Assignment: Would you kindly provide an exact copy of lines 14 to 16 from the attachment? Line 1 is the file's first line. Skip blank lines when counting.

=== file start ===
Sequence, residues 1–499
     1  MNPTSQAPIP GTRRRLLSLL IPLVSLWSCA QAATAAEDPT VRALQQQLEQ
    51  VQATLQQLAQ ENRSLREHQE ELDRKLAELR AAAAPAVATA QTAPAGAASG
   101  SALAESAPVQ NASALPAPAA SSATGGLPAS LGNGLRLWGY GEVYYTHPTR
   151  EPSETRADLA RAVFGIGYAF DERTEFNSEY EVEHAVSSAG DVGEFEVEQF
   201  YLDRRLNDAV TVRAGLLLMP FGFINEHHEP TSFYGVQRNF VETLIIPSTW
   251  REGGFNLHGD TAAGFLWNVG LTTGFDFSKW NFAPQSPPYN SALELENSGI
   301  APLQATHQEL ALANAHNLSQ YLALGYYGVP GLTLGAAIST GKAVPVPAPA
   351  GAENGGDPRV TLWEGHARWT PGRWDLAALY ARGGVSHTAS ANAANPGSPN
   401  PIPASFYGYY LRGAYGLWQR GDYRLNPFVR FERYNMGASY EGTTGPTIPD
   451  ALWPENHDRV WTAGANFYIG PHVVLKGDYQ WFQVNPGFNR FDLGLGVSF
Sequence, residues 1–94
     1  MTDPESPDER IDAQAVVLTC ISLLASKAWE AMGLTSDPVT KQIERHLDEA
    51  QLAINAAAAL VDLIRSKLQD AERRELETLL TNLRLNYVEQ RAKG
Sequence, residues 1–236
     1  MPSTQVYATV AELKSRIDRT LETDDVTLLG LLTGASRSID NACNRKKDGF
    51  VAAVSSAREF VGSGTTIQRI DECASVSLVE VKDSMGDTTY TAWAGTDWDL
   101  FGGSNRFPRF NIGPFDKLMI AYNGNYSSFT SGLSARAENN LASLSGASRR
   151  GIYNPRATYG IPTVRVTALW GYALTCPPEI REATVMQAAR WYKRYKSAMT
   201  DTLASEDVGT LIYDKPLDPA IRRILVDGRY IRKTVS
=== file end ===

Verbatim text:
    51  QLAINAAAAL VDLIRSKLQD AERRELETLL TNLRLNYVEQ RAKG
Sequence, residues 1–236
     1  MPSTQVYATV AELKSRIDRT LETDDVTLLG LLTGASRSID NACNRKKDGF